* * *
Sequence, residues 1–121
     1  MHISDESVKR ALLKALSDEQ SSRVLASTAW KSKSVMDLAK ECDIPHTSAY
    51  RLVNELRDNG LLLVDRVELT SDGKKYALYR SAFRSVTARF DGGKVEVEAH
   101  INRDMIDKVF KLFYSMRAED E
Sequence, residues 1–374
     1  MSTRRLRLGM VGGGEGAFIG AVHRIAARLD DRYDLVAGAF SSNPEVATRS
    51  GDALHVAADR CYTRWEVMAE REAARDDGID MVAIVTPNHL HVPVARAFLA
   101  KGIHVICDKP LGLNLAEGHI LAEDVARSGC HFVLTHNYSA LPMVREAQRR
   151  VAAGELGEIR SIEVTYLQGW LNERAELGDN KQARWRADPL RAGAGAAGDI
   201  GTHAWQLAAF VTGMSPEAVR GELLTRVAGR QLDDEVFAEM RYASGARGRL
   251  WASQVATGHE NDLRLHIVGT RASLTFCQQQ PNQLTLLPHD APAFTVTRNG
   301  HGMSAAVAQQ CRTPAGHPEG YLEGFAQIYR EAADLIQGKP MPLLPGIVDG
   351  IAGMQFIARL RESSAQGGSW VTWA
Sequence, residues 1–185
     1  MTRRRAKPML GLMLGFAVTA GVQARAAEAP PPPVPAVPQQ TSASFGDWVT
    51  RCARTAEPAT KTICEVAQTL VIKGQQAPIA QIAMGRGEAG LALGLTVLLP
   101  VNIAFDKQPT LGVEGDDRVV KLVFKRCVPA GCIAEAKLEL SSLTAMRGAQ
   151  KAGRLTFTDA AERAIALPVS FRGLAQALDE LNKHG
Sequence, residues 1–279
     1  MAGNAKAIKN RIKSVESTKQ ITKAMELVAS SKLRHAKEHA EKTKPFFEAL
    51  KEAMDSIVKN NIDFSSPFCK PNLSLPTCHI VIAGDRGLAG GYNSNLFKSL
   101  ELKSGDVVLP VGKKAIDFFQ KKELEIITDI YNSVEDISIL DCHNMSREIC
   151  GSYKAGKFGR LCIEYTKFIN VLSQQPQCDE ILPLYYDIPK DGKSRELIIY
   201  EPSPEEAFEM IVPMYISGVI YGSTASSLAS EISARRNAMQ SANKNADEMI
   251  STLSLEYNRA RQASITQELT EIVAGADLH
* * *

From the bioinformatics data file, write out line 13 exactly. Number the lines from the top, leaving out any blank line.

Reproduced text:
   351  IAGMQFIARL RESSAQGGSW VTWA